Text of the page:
One Thousand Horses



The Berlin & Coos County Historical Society invites you to its museum at the Moffett House to view one of our many interesting and most enigmatic exhibits.  Are you curious?  Of course, this is the hoof of one of the thousand brave draft horses who labored alongside the woodsmen of the Brown Company in getting timber to the river.  William R. Brown introduced the draft horse to the company in 1901, replacing mules. Brown valued these horses greatly, not just as assets on his balance sheet, but as wonderful and faithful “employees”.  It is well known that he acted swiftly against any reported mistreatment and abuse of the animals.  He also maintained a full time veterinary hospital on Main St. in Berlin known as the “hosspital”.  When it came to keeping track of the horses and assigning numbers to them, Brown didn’t use the brand on the horses’ hides, but instead humanely branded the front hoofs, the right one in the fall and the left in the spring.  Branding had to be done twice a year because the hooves grew down from the top just like our fingernails and the numbers eventually disappeared.  This method was painless for the horses, but often they had to have their heads covered so they couldn’t see what was happening and get “fractious”.  More information about this process may be found in the May 1930 edition of the Brown Bulletin which you may access for free at  The Brown Company published this bulletin from 1919 through 1931 and in the late 1940’s to the early 60’s.  All are available on line or better yet, come to the Moffett House and see the entire collection in their original printed form. If you want to look up a person or an event in the bulletin, a museum volunteer will help you to find what you need and then you can enjoy a leisurely read in our second floor reading room. To get back to our horses, you will also find many photographs of the horses at work and at their home, the original Thompson Farm on East Milan Road. In closing, we’d like to quote from the Brown Bulletin of February 1949 regarding the death of draft horse “Old Frank”. “ VETERAN HORSE OLD FRANK DIES.“ Old Frank, one of the best known horses in woods operations is dead.  He died suddenly while at work on the job at Wheeler Mountain camp at an age estimated to be between 18 and 20 years.  Old Frank put in many years of faithful service in the various Brown Co, woods operations.” Come in and visit us Tuesdays through Saturdays from 12 noon to 4PM.  We are here to answer your questions and give you a personal or group tour.  For more information please call 603-752-4590 or 603-752-7337.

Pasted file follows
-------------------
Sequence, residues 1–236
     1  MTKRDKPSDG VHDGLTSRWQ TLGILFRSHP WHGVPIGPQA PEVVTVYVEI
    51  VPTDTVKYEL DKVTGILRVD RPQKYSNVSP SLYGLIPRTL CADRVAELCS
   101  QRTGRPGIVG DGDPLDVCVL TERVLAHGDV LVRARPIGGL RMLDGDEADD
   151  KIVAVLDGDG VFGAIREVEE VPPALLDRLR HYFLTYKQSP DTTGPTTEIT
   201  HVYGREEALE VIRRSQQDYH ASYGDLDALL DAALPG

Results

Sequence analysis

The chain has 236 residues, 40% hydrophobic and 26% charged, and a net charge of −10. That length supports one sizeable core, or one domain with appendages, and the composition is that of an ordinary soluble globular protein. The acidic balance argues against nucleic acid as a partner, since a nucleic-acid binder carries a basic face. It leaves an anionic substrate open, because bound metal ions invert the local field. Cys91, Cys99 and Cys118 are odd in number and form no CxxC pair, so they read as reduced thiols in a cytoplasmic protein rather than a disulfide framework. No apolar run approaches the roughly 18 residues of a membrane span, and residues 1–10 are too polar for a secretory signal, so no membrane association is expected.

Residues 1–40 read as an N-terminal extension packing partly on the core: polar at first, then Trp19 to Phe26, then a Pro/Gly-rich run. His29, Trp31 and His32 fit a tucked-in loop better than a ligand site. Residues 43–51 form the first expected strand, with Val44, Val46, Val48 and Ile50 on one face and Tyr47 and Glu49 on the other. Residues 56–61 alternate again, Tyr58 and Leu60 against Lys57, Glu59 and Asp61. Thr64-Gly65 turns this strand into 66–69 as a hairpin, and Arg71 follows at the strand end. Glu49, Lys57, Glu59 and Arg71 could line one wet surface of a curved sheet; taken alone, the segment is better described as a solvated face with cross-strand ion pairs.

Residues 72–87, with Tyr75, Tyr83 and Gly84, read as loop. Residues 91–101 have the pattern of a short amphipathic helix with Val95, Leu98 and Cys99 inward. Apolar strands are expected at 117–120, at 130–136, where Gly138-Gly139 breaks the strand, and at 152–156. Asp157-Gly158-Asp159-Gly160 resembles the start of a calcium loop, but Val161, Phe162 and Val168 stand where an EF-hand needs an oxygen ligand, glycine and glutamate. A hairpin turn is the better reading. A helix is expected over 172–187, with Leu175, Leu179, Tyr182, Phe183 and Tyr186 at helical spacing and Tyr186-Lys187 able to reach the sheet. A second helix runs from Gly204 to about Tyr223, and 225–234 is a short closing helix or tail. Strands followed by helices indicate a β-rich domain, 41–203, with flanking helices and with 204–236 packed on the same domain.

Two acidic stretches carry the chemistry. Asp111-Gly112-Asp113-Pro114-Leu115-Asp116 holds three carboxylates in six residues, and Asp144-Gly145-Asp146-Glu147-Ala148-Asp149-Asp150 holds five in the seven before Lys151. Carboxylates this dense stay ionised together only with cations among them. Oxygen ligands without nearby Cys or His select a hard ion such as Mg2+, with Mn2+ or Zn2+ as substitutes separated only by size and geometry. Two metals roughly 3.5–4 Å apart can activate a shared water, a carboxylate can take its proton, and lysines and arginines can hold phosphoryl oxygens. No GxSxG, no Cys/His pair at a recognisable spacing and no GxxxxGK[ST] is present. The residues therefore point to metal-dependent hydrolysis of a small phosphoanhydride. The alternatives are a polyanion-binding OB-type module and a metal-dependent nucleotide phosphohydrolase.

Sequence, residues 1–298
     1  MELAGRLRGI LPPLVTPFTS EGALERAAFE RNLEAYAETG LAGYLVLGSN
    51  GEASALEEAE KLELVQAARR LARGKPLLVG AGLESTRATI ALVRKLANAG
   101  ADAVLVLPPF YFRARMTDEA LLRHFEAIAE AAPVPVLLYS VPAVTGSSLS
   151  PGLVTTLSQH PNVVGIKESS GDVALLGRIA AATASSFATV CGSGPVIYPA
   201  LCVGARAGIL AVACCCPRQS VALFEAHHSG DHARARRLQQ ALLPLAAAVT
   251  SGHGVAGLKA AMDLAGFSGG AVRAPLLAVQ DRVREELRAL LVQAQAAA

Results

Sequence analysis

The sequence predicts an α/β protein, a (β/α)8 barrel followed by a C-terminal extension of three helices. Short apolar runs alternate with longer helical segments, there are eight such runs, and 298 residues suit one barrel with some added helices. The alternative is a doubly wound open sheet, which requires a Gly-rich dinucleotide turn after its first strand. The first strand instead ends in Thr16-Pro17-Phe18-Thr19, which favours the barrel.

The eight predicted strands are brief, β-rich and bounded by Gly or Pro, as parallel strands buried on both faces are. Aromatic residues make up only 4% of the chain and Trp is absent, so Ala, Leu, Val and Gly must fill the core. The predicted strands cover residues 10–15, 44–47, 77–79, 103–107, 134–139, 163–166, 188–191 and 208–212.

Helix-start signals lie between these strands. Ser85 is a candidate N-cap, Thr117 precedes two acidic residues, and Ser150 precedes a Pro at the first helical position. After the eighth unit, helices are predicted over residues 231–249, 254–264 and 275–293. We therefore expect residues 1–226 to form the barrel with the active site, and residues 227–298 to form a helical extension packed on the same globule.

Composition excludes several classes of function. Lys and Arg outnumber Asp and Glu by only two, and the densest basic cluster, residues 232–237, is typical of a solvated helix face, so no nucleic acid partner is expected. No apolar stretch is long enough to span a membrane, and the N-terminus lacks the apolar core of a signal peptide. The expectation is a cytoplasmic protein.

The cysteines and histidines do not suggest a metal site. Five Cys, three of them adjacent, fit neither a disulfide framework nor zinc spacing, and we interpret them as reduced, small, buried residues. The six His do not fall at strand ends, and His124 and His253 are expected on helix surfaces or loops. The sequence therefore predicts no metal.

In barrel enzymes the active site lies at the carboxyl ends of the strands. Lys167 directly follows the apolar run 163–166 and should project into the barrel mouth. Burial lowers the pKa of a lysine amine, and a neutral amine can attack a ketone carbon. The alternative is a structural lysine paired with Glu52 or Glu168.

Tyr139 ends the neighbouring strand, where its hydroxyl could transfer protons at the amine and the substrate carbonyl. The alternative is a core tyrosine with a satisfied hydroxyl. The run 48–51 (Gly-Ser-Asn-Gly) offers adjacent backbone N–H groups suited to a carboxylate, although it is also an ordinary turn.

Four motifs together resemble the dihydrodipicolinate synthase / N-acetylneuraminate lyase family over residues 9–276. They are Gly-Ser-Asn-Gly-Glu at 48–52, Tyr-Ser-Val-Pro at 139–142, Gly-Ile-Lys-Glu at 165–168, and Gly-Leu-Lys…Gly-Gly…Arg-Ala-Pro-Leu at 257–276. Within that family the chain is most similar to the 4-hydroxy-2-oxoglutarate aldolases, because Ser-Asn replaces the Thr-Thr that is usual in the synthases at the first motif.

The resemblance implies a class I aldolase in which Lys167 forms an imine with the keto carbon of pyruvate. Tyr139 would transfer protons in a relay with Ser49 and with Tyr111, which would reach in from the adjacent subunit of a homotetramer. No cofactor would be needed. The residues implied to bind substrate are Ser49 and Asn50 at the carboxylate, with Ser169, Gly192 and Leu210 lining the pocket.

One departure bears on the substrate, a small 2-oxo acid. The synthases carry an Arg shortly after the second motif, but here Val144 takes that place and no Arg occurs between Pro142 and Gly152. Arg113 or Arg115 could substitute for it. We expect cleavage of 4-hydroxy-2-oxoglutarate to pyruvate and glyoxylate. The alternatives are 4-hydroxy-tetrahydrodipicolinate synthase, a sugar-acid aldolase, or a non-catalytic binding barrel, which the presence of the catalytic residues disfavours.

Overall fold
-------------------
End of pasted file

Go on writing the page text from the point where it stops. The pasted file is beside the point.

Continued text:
Read story of keeping tabs on 1000 horses .Brown Co Bulletins on our web pages archves  May 1930 page 3 & 4


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